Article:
Do frames make a difference? How can new grads support themselves as a professional artist? Eric Rhoads answers in this week’s Art Marketing Minute Podcast.

In the Art Marketing Minute Podcast, you’ll learn how to sell your art, how to market your paintings, and everything else you need to know in order to have a successful art career. Each episode answers questions from artists by host Eric Rhoads, author of “Make More Money Selling Your Art,” publisher of several art magazines and newsletters, and author of 

Listen to the Art Marketing Minute Podcast: Episode 87 >

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What questions do you have about selling your art? Email Eric today at [email protected] (include your name and where you’re from) to hear your question answered on an upcoming Art Marketing Minute Podcast.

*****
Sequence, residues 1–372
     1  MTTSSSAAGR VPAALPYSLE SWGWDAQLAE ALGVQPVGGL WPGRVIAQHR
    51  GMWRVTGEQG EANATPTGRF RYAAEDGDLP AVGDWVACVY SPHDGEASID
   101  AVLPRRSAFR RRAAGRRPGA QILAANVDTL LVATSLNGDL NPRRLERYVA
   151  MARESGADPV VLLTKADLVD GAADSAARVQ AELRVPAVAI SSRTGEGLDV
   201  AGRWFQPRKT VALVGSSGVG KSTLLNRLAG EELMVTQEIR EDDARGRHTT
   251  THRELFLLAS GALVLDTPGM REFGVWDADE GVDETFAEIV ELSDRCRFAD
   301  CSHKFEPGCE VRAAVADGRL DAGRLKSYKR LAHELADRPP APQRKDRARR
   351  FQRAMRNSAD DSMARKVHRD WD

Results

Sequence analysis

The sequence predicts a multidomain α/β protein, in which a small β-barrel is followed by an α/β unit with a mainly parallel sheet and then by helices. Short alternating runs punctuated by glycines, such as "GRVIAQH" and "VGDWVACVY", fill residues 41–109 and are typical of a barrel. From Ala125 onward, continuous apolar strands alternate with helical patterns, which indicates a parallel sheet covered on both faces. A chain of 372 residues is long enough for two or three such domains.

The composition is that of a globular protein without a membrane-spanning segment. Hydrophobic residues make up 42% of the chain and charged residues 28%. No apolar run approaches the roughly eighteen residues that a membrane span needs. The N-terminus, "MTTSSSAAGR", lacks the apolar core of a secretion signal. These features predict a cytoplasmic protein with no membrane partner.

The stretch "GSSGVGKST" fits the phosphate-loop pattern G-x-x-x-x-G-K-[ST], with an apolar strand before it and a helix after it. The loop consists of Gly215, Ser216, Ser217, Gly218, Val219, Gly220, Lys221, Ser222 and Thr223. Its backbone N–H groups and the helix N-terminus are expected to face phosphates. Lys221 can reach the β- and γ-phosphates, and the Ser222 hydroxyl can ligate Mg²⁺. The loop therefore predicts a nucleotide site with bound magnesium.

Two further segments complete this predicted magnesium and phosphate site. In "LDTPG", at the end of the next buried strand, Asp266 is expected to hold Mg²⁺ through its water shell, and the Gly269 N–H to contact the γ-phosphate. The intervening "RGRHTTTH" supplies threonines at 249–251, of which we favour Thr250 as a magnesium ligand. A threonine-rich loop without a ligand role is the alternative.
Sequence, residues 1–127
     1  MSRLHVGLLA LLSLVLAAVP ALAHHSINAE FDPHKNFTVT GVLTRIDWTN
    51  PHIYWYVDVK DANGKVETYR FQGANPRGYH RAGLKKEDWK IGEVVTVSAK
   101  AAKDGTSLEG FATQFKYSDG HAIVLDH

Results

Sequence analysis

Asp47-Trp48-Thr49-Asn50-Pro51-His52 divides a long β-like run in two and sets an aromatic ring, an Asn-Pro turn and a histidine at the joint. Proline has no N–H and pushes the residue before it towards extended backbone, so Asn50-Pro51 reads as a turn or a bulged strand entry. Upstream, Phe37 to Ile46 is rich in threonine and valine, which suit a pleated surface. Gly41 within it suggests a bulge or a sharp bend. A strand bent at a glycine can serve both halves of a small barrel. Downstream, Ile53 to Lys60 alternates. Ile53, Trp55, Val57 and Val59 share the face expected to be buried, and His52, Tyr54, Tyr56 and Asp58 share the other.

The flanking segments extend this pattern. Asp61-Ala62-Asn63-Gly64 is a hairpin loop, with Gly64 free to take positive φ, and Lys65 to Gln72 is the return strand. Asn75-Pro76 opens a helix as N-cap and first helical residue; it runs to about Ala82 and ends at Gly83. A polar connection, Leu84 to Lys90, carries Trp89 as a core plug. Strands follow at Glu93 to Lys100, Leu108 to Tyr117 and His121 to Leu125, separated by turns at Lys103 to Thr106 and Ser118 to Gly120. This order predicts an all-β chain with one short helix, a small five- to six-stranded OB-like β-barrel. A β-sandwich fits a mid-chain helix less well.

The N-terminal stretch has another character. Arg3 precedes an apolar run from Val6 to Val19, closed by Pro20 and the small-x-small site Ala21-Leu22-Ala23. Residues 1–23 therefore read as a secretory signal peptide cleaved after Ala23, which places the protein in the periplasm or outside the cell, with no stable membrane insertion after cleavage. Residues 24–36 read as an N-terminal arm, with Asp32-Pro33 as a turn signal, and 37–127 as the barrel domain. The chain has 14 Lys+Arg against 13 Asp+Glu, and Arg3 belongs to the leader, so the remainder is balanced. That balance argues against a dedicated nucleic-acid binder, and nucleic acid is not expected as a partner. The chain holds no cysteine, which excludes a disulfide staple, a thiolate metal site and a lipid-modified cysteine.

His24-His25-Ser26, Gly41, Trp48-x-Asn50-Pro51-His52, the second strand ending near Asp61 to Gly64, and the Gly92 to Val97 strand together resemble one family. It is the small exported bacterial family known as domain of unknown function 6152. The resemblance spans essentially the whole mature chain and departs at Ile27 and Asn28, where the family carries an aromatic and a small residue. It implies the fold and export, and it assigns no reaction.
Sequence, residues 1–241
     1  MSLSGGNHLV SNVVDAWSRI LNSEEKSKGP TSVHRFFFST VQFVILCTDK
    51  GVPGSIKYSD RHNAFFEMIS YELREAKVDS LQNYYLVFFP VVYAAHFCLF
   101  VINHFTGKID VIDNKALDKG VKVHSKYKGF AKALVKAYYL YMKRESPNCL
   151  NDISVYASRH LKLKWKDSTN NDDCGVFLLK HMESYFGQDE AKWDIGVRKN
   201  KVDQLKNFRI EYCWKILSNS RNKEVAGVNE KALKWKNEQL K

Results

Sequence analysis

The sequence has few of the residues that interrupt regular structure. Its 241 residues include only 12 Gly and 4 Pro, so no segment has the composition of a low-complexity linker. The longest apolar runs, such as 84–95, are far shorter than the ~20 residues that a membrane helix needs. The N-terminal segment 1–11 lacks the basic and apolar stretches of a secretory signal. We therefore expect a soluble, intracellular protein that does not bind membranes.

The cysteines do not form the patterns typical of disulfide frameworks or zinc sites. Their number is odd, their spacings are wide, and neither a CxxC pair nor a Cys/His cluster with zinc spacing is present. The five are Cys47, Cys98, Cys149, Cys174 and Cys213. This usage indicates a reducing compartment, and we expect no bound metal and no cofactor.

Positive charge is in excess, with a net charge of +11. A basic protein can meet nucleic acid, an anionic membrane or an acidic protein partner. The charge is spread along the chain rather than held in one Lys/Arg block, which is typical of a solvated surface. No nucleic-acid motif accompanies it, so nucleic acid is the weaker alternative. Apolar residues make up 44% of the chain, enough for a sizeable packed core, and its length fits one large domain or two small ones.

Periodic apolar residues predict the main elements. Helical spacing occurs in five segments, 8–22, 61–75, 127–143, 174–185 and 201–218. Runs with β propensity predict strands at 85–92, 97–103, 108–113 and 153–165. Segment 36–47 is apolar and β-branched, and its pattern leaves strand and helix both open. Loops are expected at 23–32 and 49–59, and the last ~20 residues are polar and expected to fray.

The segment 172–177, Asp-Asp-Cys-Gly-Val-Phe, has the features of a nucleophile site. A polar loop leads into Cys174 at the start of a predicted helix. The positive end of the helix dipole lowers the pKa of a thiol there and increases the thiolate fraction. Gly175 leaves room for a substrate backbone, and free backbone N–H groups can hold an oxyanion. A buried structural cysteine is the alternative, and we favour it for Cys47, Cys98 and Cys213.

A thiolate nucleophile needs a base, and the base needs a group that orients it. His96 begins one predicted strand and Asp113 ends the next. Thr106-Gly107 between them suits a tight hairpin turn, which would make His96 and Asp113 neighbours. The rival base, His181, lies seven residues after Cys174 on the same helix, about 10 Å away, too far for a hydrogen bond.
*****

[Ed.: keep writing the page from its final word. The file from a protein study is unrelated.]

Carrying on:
FULL TRANSCRIPT of the Art Marketing Minute:
DISCLAIMER: The following is the output of a transcription from an audio recording of the Art Marketing Minute. Although the transcription is mostly correct, in some cases it is slightly inaccurate due to the recording and/or software transcription.

This is the Art Marketing Minute with Eric Rhoads, author of the Amazon best selling book, “Make More Money Selling Your Art.” In the marketing minute we answer your questions to help your art career brought to you by, the place to go to learn more about marketing. Now, here’s your host, arts magazine publisher, Eric Rhoads.

Eric Rhoads: